About Me
I'm a Melbourne boy, hailing from St Kilda with one ex, one current wife and four kids. Love the outdoors and making new discoveries. I cook a lot at home (cheers from wife) and do some preserving, mostly jams, pickles and fruit liqueurs. This is the diary of a cooking journey.

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Tuesday, September 05, 2006
The Dentist's Fish
The 1993 movie Jurassic Park was memorable to me for two reasons. Firstly, for the sudden onset of full bladder syndrome suffered by my then four year old son, necessitating a dozen trips to the lavatory; those monsters were pretty scary! Secondly, it was the first time I ever heard mention of Chilean sea bass, which was served in one of the scenes.

Chilean sea bass is just one of the names given to Pantagonian toothfish (Dissostichus eleginoides) a deep water fish found throughout large areas of the sub-Antarctic oceans, primarily the Southern Ocean and adjacent southern parts of the Atlantic and Indian Oceans. The adult fish feed on prawns and squid and have only a couple of predators besides man, namely sperm whales, southern elephant seals and colossal squid.

Pantagonian toothfish is a relatively new commercial species, first fished for by South Americans who were forced from their traditional fishing grounds by large factory ships, which ironically then targeted toothfish when their popularity became established. The flesh is a pearly white with a high oil content that is particularly prized in some countries, notably Japan. Even though Australia has its own fishing grounds for this species, it has been very hard to come by here. The only taste the Australian public had, was stories of pirate fishing vessels being chased across the oceans.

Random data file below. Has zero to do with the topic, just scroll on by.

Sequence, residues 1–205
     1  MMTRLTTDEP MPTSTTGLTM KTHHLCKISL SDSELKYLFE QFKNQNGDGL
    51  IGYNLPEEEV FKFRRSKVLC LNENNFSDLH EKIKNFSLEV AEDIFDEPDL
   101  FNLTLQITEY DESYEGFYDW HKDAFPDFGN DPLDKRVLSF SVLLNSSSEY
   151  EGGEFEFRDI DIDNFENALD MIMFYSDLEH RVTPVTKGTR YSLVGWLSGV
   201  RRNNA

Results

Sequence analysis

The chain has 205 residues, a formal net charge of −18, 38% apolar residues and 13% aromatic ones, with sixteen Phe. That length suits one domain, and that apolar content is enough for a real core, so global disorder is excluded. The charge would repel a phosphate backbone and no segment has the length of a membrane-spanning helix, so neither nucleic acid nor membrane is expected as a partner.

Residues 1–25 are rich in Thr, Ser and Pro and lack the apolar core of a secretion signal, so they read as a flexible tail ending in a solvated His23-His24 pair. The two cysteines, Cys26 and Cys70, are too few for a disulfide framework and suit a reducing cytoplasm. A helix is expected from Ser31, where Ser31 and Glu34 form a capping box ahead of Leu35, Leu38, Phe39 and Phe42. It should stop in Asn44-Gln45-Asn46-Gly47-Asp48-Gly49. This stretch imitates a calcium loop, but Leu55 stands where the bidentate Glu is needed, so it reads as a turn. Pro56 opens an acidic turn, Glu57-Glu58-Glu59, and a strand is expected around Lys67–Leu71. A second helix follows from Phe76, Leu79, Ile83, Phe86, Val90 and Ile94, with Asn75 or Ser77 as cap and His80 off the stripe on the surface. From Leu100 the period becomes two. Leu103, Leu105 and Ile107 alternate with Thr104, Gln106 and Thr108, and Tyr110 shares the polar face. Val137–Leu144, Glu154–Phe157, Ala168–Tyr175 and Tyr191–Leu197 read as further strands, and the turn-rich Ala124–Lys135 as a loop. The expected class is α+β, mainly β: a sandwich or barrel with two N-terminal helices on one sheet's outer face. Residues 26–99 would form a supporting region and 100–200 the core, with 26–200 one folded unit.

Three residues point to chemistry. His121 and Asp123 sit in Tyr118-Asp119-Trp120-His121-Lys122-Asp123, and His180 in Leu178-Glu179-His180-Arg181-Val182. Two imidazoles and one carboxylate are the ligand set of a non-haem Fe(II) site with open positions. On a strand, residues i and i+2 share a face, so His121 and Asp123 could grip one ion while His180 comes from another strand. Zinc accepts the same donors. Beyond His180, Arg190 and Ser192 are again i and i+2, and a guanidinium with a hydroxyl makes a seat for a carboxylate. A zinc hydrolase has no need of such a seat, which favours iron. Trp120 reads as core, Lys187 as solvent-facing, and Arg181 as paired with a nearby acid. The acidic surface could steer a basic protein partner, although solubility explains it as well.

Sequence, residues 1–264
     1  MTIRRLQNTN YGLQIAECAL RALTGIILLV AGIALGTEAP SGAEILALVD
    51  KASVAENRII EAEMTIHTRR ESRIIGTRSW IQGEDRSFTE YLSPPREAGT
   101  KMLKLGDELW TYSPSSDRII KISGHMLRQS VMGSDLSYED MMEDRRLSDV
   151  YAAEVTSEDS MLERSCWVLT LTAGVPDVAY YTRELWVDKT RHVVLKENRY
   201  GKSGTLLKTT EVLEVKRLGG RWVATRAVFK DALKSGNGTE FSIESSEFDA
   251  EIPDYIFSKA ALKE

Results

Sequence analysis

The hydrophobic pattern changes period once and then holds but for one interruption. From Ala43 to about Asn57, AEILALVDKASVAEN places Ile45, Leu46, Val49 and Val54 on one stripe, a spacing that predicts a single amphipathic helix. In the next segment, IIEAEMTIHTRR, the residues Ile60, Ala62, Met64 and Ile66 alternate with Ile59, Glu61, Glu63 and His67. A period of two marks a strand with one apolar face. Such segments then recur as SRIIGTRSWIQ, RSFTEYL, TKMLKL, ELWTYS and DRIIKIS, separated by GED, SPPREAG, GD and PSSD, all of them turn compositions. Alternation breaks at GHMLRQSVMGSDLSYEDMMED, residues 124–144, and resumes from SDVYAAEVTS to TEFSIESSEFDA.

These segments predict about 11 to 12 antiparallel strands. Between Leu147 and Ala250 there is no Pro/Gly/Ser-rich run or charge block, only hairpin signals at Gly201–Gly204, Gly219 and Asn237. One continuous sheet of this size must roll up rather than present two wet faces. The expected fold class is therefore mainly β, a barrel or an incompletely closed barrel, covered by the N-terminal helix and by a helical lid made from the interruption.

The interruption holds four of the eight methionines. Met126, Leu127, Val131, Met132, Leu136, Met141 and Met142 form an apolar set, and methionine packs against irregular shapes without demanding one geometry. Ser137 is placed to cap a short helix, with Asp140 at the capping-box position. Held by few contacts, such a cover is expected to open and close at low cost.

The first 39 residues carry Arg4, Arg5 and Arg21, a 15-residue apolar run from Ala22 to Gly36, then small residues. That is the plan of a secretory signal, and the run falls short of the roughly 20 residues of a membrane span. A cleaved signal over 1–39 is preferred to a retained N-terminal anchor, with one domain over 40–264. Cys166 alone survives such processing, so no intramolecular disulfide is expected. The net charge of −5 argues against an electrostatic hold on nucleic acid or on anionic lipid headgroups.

I was wandering through Prahran Market on the weekend when I came by a chef setting up for a cooking demonstration. On the sign behind him, it said Pantagonian toothfish. I was in a state of high excitement! It was the first ever time I had seen it. It was $40 a kilo, but what's a foodie to do? Of course I bought some and took it home. Over the course of the weekend there was no opportunity to cook it, but plenty of time to think about which way to cook it.

I'm not going to tell you what exactly I did with it, because there is an event coming up which I'm entering (don't tell sam) and some of the ideas were tested out with the fish and will be posted about later on. However I can tell you that the fillets were pan fried, which was interesting in itself as the flesh barely changes colour when cooked, so requires a little bit of attention to make sure it's not overcooked. When cooking, a little bit of oil is released from the flesh, so not much oil is needed to start with.

The fillets cooked to a lovely sweetness, not dry at all and the flesh became thin flakes of fish that fell apart at the slightest touch. My daughter M though so much of it that I had to give her some of mine. Would I buy it again? Definitely, but only for special occasions. The upside is that the price of the toothfish makes the cost of wild barramundi look a whole lot better!
 
  posted at 8:21 am
  5 comments



5 Comments:
At 7:02 am, Anonymous Tanna said...

What a tease but it sounds ultimately good especially daughter M's behavior!!!

 
At 11:14 am, Blogger neil said...

Hi tanna, all will be revealed on the 13th September!

 
At 3:35 pm, Blogger ferg said...

Sorry, but I'll leave no comment on the Patagonian Toothfish. It goes in the list of Halibut and Sea Bass as endangered and I was lucky to eat them thirty years ago.
Cheers Gillian

 
At 3:57 pm, Blogger neil said...

It wouldn't be so bad if the pirate fishermen could be stopped. The fish I had was legally caught from around Heard Island, but I do understand what you mean.

 
At 4:05 pm, Blogger ferg said...

Thankyou for letting me know that so soon. Of course, now, I want some.
Cheers Gillian

 

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